The physics of weight loss is quite simple. It’s the first law of thermodynamics: Energy is conserved. Our body stores energy as fat, which has mass and thus weight, when we’re in the presence of gravity, as I assume we all are. Burning more calories as you consume results in an overall trend of less weight, if the two are equal the weight stays the same, and more calories in adds to the weight. Now, this discounts fluctuations you may have, due to things such as how much water (zero calories, but still has mass) or food is currently being processed by your body, so this is something that needs to be measured over a longer time frame than a day or two.
That’s all there is to it. Eat less and/or exercise more and you’ll tip the balance, as it were, toward losing weight.
But it’s never quite that simple in practice, now is it? There was a recent article in the NY Times, “In the Fatosphere, Big Is In, or at Least Accepted” in which the author states (about some overweight people): “And they reject a core belief that many Americans, including overweight ones, hold dear: that all a fat person needs to do to be thin is exercise more and eat less.” Well, they key here is a subtle distinction — “be thin” rather than “lose weight.” I agree that not everyone is going to be thin — hell, I’m never going to be thin, but that’s a separate issue. “Thin” is an ideal that doesn’t necessarily equate with “not overweight;” it’s a comparison of a physical dimension, a size and shape, compared with a mass. But the “core belief” is not a belief, it’s science. Eat less and exercise more, and you will lose weight. The barriers to that are largely psychological, it seems to me (what motivates you eat, or eat too much, and what prevents you from prioritizing exercise, and there’s a lot that can be written about that. And I’m sure a lot has been).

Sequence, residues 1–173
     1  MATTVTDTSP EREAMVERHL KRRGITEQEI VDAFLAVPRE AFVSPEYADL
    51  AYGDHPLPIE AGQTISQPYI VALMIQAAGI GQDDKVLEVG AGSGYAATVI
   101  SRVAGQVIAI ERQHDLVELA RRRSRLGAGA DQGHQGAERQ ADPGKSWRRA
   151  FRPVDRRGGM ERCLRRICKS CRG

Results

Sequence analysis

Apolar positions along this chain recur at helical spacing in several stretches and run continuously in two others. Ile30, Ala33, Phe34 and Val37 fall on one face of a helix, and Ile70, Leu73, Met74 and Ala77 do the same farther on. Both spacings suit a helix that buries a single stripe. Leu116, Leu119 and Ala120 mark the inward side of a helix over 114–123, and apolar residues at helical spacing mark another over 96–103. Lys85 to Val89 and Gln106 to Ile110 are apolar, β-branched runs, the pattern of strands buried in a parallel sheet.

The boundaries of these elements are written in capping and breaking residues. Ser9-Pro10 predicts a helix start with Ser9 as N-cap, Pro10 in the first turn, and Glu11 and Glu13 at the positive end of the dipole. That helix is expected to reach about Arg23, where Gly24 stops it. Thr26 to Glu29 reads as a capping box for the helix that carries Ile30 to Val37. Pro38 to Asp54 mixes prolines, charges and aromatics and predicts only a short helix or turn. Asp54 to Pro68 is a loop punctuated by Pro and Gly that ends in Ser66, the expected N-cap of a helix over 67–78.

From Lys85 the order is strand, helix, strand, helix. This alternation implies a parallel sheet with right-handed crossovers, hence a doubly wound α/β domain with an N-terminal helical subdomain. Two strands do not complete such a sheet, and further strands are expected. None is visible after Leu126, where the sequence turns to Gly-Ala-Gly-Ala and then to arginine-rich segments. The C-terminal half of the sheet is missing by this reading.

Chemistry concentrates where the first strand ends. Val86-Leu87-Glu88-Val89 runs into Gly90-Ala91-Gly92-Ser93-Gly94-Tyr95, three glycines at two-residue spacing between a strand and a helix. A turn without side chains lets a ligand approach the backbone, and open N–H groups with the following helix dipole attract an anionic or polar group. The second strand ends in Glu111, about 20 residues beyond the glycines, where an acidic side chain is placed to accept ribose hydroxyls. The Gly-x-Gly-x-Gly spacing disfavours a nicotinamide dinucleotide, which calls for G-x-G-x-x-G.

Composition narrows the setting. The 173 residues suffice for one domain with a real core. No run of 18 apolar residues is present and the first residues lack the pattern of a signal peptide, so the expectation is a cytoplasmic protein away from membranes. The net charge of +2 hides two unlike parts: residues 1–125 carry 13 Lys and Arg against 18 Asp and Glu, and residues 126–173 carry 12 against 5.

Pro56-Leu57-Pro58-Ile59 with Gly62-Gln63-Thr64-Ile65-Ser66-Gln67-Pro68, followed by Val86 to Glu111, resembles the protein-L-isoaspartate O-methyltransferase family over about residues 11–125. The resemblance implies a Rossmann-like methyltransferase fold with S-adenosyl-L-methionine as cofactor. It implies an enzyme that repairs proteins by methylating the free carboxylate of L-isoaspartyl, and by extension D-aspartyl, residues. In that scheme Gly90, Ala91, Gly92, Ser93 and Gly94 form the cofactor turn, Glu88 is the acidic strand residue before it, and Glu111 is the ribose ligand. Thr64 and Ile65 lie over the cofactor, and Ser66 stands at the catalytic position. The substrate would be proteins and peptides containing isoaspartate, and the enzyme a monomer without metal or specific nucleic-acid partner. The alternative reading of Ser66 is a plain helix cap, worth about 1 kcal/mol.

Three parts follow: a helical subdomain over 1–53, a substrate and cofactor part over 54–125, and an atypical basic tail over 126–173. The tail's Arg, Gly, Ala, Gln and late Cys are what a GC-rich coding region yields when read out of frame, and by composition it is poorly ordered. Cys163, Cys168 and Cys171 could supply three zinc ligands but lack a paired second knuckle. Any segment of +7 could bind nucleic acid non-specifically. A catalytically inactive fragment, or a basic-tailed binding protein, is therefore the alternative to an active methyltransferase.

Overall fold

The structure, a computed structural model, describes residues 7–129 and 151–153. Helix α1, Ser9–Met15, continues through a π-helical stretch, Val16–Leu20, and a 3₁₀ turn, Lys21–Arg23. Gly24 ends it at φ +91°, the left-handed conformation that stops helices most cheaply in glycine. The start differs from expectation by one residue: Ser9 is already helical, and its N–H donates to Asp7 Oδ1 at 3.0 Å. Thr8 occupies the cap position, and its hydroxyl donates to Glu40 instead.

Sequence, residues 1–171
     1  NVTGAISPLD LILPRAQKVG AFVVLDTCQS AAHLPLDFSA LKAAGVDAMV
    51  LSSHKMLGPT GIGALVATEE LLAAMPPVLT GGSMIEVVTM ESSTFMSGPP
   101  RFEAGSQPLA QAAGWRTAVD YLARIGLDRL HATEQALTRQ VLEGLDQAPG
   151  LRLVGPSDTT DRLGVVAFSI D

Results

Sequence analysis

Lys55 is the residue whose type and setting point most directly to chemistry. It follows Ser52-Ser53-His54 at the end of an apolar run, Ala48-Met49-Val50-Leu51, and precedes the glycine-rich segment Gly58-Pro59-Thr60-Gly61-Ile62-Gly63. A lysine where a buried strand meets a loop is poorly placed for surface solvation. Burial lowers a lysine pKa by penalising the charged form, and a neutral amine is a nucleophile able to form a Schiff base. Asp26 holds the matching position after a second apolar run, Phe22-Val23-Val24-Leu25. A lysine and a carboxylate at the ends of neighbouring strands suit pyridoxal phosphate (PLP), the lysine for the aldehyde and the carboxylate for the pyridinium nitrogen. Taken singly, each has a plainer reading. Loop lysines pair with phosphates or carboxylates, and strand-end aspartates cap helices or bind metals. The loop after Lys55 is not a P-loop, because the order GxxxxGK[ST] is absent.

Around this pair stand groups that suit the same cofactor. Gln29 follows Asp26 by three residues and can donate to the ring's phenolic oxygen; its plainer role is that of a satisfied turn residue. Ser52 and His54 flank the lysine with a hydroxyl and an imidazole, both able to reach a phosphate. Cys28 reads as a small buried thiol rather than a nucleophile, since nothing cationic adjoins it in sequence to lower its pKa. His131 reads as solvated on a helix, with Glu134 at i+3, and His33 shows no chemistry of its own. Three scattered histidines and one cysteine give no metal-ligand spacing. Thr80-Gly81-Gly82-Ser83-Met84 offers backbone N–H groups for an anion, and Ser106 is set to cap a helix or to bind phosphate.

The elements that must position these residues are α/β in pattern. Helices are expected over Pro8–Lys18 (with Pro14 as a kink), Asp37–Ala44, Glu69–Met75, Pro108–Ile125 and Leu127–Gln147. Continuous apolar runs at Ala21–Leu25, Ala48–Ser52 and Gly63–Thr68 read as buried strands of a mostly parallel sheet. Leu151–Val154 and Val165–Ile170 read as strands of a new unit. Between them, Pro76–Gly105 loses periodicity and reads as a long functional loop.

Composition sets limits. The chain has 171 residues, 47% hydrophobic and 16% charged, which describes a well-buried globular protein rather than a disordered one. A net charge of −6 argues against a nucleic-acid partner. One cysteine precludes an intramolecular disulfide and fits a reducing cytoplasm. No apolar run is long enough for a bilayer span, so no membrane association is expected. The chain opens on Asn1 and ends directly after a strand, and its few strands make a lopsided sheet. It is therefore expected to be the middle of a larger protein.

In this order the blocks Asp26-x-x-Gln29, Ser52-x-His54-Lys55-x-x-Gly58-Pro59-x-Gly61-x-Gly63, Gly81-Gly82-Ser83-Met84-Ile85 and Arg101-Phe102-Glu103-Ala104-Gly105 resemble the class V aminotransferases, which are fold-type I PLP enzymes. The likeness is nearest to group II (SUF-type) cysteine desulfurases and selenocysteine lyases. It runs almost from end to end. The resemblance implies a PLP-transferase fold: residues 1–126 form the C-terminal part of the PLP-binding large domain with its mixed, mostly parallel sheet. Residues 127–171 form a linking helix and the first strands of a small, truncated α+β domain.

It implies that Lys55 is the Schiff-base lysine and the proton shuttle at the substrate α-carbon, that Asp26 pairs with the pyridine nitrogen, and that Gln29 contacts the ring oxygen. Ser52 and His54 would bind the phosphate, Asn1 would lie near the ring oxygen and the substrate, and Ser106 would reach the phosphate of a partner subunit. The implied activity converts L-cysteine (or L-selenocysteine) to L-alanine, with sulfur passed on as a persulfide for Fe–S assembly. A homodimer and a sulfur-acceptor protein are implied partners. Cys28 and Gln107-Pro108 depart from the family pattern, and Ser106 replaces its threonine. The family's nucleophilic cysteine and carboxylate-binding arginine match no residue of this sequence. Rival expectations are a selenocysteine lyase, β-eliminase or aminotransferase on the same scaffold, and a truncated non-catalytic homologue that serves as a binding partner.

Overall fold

But there’s a little more physics, or at least math, that confounds the issue. A pound of fat is the equivalent of around 3600 Calories (that Calories with a capital “C” which denotes that it’s really a kilocalorie from physics, in case you want to do a careful accounting of how much energy you’re burning). So if you change your intake vs output by just 120 Calories a day, so that you burn more than you consume, you’d expect to lose a pound in a month. But there are two problems with that: 1) It’s too slow for most people (psychology again) and 2) there’s the fine print. We burn calories just by being alive; there’s some basic motion, involuntary muscle movement, etc. A sedentary lifestyle will have you burn about 12 Calories per pound. If you weigh 200 lbs, then you should burn about 12 x 200 = 2400 Calories a day. Now, you try to lose your pound a month, more or less, by averaging only 2280 Calories a day. After a while — more than a year — you’re closing in on 190 lbs, and you’ve gotten discouraged because you stopped losing weight. Now lets do the math again: 12 x 190 = 2280. Wait a minute! That’s what the intake is, that’s supposed to be our key to a thinner me! But no, that’s the catch — your caloric demands are weight-dependent. What you actually need to do is assess your calorie intake in terms of your target weight. A constant calorie intake or extra exercise will give you a decaying-exponential reduction to a new weight. Go back to the old intake/exercise, and you get the inverted form of that change, i.e. the weight goes up, leveling off at a new value. I think one of the main problems is that many people view a diet as something that is temporary, but it can’t be looked at that way. Your weight is dependent on your calorie intake and your burn rate. Energy is conserved.